Are your children putting off buying a home or saving for the future because of the potential inheritance they will receive when you die?
If so, they are not alone. Worrying new research has revealed that younger people are increasingly playing ‘inheritance roulette’, putting off major life decisions while banking on a windfall. We look at this research, and why intergenerational financial planning is so important.
Individuals saving less thanks to unrealistic inheritance expectations
New research from Canada Life has found that more than five million savers aged 55 and under have changed their financial plans based on what they expect to inherit from family members.
The study questioned 1,000 UK adults between the ages of 16 and 75 who own a property and had a pension. They found that a quarter of under 55s were saving less, while others were delaying buying their first property or moving home, based on their windfall expectations.
Neil Jones, Wealth Management and Tax Specialist at Canada Life, believes that it’s a risky strategy to bank on an inheritance that may not materialise, and an even riskier strategy to change plans based on expectations of inheritance.
He says: “By essentially playing inheritance roulette, people are putting their financial health at risk.
“This is especially true when you consider that there are over half a million people aged 90 plus in the UK, meaning that many people won’t receive an inheritance until retirement, or possibly not at all in the instance that care costs erode the value of any inheritance.”
According to data from the Office for National Statistics published in FT Adviser, the average inheritance was £11,000 from July 2014 to June 2016. Inheritances peaked among those aged 55 to 64 years, with the average received by this group standing at £33,000.
However, many young people are basing their financial future on unreasonable expectations. Mr Jones said: “Our research last year found that one in 25 people have inheritance expectations that amount to £1 million, with one in 50 people’s inheritance expectations exceeding £5 million.”
Young people also delaying buying a home
The research by Canada Life also found that more than one in five under 55s (22%) planned to delay a house move until they receive their inheritance.
Around one in six (14%) chose not to buy a house as a result of their inheritance expectations and half of those (50%) who opted to stay put were aged between 16 and 34.
Mr Jones said: “While inheriting assets such as property or other wealth can be a significant boon to an individual’s wealth, changing financial plans based on such a promise is short-sighted.”
One way that families can tackle these issues is to be open and honest about their financial arrangements, and to consider intergenerational financial planning.
The benefits of intergenerational financial planning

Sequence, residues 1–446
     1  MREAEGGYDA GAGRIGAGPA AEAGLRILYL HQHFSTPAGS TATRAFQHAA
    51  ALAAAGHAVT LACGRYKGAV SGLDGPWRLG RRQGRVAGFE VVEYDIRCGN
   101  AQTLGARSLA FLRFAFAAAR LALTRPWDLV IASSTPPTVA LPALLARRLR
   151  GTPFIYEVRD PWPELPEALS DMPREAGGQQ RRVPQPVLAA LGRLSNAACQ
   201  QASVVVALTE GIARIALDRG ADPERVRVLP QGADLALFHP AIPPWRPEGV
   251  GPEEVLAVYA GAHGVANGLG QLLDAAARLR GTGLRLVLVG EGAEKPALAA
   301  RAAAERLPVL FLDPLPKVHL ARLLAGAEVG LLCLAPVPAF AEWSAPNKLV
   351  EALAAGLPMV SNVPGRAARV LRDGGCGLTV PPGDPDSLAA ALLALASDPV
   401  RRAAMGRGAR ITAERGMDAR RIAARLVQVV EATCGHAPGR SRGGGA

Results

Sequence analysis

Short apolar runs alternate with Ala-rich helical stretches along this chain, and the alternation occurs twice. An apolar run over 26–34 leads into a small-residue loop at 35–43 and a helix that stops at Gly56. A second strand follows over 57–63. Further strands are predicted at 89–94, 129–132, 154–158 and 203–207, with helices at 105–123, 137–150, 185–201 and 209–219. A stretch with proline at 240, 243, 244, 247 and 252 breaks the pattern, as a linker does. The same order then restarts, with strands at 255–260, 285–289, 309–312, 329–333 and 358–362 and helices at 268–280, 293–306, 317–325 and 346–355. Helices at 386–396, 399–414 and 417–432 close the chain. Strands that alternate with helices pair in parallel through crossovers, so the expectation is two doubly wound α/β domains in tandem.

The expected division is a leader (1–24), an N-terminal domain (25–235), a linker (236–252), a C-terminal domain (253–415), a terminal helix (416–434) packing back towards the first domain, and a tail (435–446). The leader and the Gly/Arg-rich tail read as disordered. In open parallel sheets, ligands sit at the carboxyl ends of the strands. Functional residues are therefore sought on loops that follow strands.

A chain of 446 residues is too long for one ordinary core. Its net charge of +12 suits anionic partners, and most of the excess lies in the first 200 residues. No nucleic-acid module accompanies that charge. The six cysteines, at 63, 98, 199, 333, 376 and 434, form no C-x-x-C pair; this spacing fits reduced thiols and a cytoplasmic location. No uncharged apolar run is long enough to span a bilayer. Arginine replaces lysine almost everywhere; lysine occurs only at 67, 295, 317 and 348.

As we live longer, it is increasingly common that families comprise three or even four generations. So, it can pay to consider financial planning on a family rather than on an individual basis.
Areas that intergenerational financial planning can cover include:
- Tax planning – Research from Professional Adviser shows that over a third of consumers aged 55 and over who use an IFA for financial advice have not yet considered IHT planning. You can consider gifting assets to your children during your lifetime, although there could be tax implications for this if you die within seven years of making the gift
- Property – Your property may be your main asset and you might want to pass it on while you are still alive. However, there could be tax implications to this as you cannot simply give your house away and live in it without paying rent!
- Trusts – Placing your assets into a trust which allows the beneficiary to access them at the age of 18 or 21 is a common solution. There are other types of trust which may be more appropriate and help you to control how investments are managed and paid out to your beneficiaries. Trusts can continue for many years and so could help you to provide financial support for several generations
- Pensions – Your pension can be a tax-efficient way of passing on wealth. If you die before the age of 75 then your remaining pension funds can be passed on tax-free. You may also be able to pass on your pension savings directly into the pension of a beneficiary.
Your financial adviser can help you with regard to all these issues. Rather than focusing on the wealthiest generation in isolation, they can help all members of the family experiencing different financial challenges simultaneously. This process can also ensure that children do not have unrealistic expectations of their windfall and can plan accordingly.
Neil Jones from Canada Life concludes: “That is why good conversations between benefactors and beneficiaries are so crucial. With the help of a financial adviser, these discussions can help heirs better prepare for their inheritance and ensure that inter-generational wealth planning makes the most of the opportunities available.”
Get in touch
Do you need help with intergenerational financial planning? Do you want to help your children to buy a property, or to ensure that you can pass on assets in the most appropriate and tax-efficient way possible?
If so, we can help. Email firstname.lastname@example.org or call (0161) 8080200 to find out more.
The Financial Conduct Authority does not regulate Inheritance Tax and Trust Planning. The value of your investment can go down as well as up and you may not get back the full amount you invested. Levels and bases of taxation may be subject to change and their value depends on the individual circumstances of the investor.